Many of us who are in real estate thought it wouldn’t happen, but in a blow to homeowners who are working their way through short sales, Congress did not extend The Mortgage Debt Relief Act of 2007 beyond 2016.
It expired on December 31, 2016 and underwater homeowners lost a huge tax benefit to help them regain their financial footing.
Generally, the amount of any cancelled debt is taxable as ordinary income, including mortgage debt cancellation.So if you’re working on a real estate short sale, consider the income tax consequences.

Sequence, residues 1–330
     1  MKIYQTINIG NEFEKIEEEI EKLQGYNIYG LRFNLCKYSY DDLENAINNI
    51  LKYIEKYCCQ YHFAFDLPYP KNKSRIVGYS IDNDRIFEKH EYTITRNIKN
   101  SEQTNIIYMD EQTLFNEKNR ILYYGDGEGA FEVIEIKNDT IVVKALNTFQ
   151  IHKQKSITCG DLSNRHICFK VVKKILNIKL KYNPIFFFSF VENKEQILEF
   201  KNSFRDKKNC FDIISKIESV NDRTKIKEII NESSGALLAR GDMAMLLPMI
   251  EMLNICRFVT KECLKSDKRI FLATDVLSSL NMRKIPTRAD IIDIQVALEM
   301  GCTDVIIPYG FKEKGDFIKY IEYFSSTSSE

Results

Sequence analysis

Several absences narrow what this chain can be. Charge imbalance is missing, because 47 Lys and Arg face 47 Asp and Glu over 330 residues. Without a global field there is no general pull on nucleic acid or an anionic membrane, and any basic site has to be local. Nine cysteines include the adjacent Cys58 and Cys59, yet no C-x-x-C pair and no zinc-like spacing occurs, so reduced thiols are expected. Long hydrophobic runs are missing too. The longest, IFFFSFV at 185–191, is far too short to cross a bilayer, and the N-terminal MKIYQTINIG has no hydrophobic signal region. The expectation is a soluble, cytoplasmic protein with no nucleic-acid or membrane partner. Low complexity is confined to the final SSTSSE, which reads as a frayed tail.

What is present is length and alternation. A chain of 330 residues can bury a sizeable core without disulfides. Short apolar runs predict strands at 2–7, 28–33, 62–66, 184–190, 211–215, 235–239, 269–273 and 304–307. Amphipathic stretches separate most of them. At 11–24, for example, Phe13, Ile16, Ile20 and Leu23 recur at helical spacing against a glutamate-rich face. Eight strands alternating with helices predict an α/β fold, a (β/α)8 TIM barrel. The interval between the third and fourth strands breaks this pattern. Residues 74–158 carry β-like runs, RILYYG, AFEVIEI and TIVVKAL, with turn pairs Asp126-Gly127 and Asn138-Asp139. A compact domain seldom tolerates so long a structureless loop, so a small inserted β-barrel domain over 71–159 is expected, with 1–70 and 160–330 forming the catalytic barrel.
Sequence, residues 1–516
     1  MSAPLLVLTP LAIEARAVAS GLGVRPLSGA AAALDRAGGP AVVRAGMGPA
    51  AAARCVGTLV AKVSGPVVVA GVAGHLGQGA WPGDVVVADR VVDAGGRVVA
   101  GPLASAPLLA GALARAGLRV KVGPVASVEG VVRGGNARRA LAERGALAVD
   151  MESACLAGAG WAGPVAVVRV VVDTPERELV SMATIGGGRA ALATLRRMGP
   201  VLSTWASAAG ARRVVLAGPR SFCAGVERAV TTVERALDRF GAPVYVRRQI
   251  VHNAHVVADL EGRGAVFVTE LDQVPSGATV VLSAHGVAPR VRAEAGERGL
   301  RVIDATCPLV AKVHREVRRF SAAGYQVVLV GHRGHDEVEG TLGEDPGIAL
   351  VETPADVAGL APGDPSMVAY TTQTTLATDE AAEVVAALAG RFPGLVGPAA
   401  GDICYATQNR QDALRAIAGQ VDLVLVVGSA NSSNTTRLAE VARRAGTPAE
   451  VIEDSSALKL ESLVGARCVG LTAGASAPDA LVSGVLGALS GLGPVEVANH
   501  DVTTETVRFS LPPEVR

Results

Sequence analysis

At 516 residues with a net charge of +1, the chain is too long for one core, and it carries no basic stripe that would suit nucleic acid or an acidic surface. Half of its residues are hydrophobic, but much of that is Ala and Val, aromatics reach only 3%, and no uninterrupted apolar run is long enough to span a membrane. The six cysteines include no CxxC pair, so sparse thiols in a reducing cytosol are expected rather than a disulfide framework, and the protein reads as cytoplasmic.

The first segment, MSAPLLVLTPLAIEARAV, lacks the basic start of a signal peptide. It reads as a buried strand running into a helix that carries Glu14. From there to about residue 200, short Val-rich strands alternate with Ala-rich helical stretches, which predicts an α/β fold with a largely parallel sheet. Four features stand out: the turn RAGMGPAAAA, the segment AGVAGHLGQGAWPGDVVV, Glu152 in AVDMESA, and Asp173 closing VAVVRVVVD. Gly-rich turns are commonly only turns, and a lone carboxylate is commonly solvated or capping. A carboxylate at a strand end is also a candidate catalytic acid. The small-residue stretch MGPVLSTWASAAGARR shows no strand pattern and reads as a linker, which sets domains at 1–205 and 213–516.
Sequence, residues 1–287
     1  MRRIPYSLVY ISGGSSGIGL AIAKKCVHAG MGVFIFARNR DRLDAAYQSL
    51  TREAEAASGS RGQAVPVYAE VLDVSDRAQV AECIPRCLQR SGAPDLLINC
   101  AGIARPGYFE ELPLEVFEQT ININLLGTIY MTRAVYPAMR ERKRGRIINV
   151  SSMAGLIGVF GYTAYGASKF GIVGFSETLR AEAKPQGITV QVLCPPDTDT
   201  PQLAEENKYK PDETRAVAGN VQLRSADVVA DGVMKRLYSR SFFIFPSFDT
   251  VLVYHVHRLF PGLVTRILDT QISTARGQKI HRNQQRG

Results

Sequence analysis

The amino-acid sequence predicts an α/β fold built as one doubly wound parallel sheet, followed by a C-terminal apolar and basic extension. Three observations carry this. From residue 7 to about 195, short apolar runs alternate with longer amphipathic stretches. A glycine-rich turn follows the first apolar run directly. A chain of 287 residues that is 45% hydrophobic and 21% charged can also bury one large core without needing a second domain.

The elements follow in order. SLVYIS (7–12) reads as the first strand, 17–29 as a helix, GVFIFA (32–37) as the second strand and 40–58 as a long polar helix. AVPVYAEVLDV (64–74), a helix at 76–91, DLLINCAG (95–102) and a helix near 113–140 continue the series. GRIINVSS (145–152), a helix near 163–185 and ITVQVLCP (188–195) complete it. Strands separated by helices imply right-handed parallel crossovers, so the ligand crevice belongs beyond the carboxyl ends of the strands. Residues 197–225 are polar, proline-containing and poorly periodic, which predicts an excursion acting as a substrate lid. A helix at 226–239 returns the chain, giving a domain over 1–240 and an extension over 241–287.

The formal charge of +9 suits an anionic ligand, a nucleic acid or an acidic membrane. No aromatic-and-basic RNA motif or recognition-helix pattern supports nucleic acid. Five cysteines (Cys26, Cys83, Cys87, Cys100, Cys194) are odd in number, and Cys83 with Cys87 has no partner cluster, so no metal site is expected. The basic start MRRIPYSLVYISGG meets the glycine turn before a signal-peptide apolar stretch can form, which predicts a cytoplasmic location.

Don’t Be Caught Short
With the expiration of this Act, homeowners are left out in the cold and left with a potentially with a big tax bill for short sales in 2017 and thereafter.
There may be an exception available to you if you signed the short sale deal in 2016, even if the transaction closes in 2017. But new short sales entered into in 2017 are no longer covered by the expired legislation.
Be sure to check with your accountant so that you know the tax consequences of any mortgage debt cancellation. Debt cancellation is taxed at the ordinary income tax rates, not the capital gains tax rates.